One was particularly interested in watching the Christians tonight not because they are a top band but because the last two visits from the Eighties super-group have seen them performing in the Walker Theatre. I spoke with Garry Christian after those gigs and he had intimated to me that they would like to return and play in Theatre Severn as opposed to the Walker. This was  simply because he wanted to try a bigger space and see if the people came. Well build it Garry and they will come. Tonight I was delighted to see that the theatre was full and every one of the audience was there to feast on this sublime fusion of music which has always given the Christians that unique sound. It is that sound that will keep this band as relevant and as fresh as ever.

    To look at the show as a whole although they were up against some Friday the Thirteenth gremlins when they were ironed out a young Liverpool lad by the name of Joe Slater. He played first to warm all up the crowd to bring a little more contrast and artistry to the evening. With a voice well above his age and a boatload of songs self-penned one imagine the future will be rosy for Joe Slater.

    Then strolling onto the stage just so noticeably cool as ever, The Christians. Garry Christian defies all the conventions of aging as he looks exactly as he did thirty years ago. Maybe he just looked old back then? However I doubt that, much more likely one believes, there must be a picture in the attic displaying Garry’s sins and true artistic torment. However I guess if all your life you’ve been a pop star you’re bound to look younger than a miner of the same age. However there were no miners to complain but the miner’s strike and the Iron Lady Thatcher all got a mention. This was after all, not just a show for today but a show loaded with content intelligently looking back at where we have come from and where we are now.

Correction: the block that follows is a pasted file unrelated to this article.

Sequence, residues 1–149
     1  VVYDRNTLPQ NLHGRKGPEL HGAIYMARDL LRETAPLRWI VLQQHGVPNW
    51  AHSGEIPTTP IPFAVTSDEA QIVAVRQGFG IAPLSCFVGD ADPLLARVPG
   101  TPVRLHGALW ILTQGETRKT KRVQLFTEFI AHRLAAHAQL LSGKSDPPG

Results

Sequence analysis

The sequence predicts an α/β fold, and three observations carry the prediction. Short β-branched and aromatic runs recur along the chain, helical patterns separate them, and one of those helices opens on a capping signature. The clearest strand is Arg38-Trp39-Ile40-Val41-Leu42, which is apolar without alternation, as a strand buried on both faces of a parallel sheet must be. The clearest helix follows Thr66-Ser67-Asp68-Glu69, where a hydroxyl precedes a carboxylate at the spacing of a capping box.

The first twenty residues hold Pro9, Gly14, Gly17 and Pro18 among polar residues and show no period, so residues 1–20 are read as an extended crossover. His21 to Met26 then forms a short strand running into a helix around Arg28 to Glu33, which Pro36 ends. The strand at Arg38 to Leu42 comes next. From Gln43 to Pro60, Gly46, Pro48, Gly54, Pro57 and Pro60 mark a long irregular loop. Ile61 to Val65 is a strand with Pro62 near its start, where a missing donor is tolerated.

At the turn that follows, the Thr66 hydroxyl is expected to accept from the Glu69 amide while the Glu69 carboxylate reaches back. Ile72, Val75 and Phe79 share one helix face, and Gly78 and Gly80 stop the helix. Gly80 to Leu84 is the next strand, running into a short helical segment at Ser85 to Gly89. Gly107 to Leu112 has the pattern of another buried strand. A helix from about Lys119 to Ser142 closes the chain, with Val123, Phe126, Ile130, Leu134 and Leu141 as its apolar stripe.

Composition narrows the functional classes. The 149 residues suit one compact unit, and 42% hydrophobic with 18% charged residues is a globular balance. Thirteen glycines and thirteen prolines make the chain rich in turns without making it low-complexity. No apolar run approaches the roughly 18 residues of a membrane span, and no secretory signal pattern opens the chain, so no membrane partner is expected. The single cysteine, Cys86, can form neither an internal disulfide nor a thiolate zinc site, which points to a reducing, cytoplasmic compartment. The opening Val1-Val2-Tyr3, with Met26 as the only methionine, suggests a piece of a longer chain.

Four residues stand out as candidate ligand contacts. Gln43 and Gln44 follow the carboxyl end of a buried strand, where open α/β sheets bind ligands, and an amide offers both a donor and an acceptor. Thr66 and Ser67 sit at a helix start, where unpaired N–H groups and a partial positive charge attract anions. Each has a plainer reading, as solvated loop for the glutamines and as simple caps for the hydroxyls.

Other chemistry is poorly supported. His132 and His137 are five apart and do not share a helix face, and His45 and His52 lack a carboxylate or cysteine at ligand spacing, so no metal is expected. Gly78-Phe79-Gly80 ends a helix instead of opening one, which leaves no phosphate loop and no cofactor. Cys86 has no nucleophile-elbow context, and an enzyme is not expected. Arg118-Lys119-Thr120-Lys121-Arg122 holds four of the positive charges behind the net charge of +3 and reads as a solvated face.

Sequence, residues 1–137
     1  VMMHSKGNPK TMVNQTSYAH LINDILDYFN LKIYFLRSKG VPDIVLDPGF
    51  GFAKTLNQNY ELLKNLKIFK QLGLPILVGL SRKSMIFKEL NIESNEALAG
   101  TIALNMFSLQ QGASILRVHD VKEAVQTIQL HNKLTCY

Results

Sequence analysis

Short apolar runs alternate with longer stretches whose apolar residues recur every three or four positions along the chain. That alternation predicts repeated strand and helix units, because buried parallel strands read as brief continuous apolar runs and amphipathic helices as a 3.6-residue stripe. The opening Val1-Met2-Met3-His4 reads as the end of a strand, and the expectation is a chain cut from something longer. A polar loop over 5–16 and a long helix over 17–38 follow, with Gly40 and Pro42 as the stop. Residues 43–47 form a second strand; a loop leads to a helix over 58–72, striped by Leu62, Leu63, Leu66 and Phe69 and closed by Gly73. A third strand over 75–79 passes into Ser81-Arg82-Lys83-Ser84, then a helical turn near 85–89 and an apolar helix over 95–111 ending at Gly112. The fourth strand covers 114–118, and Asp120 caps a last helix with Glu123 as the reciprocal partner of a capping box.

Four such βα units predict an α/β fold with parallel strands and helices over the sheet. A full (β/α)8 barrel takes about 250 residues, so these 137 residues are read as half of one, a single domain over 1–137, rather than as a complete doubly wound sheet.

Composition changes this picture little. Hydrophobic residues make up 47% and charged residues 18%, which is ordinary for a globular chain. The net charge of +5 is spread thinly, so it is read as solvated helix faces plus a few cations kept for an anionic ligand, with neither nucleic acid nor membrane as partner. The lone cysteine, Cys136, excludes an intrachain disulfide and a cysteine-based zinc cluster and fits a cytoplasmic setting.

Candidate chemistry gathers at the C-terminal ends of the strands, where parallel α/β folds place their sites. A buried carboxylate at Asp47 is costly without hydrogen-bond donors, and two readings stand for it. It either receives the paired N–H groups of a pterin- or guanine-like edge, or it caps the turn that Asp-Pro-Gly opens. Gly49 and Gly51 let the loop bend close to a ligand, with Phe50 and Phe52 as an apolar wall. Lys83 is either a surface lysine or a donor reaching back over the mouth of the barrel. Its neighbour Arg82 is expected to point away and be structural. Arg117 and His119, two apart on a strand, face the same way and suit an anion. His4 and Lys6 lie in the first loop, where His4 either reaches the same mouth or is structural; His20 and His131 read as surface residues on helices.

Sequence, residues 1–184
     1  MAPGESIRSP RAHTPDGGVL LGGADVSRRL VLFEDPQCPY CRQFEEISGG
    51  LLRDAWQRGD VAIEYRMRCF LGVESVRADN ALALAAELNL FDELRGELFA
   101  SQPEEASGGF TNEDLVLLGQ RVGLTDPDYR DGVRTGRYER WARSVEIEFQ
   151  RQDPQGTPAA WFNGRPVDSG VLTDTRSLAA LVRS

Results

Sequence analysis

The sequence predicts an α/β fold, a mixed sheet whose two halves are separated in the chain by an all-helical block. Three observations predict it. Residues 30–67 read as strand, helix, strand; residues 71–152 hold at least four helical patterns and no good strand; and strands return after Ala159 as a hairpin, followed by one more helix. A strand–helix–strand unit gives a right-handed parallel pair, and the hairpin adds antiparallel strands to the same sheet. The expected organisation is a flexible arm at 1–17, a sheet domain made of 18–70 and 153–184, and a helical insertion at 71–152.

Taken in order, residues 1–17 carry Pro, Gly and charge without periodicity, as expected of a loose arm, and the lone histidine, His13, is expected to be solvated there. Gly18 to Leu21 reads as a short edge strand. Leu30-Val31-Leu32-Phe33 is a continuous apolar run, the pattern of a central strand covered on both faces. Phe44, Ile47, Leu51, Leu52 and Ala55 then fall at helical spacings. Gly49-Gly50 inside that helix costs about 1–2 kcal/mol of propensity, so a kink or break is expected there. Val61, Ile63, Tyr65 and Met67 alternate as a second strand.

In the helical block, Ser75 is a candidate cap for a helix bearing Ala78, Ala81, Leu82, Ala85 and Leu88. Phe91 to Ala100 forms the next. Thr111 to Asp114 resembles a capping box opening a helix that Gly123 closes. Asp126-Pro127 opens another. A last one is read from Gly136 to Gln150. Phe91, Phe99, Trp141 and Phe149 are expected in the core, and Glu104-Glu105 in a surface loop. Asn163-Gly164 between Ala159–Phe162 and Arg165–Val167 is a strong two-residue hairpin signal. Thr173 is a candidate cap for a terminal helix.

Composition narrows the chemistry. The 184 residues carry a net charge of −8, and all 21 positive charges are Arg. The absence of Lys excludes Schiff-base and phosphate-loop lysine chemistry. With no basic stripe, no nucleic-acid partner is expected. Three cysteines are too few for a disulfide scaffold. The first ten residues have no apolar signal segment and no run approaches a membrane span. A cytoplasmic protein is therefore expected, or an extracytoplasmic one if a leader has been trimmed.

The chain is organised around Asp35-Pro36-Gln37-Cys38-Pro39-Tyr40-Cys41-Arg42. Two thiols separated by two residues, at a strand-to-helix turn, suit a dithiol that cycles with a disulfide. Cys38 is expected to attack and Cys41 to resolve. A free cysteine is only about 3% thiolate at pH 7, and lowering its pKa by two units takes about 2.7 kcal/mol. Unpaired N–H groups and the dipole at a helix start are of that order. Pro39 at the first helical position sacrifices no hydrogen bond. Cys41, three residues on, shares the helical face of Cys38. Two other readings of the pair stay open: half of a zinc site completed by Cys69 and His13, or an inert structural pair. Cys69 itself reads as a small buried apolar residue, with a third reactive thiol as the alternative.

One was deeply moved by the Christian’s tribute to the tragic 96, The Red Sky. It was the Christian's own thoughts about the heartbreaking 96 who lost their lives in the terrible Hillsborough football tragedy. The Christians are a Liverpool group and without any slush or sentiment they played a song displaying great sensitivity and understanding of what Liverpool went through following that awful event. Understated in true Christians tradition, potent and poignant. Those sensibilities give the band that extremely approachable and human touch that keep them that little bit higher than others of the same era.

    So what is that unique sound that they, The Christains have that does really mark them out? Quite apart from the amazing lyrics the back line with its exciting fusion between Jazz, funk, soul and blues goes a long way to indicating who is playing long before Garry comes in with the vocals. The sensitive and intelligent use of the key boards mark them out from others. That is interesting because most eighties bands have synths and keys but if the lads walked onto the stage and picked up someone elses instruments before a note was sung, blindfolded you would identify them by that full use of sound that make the band just so different.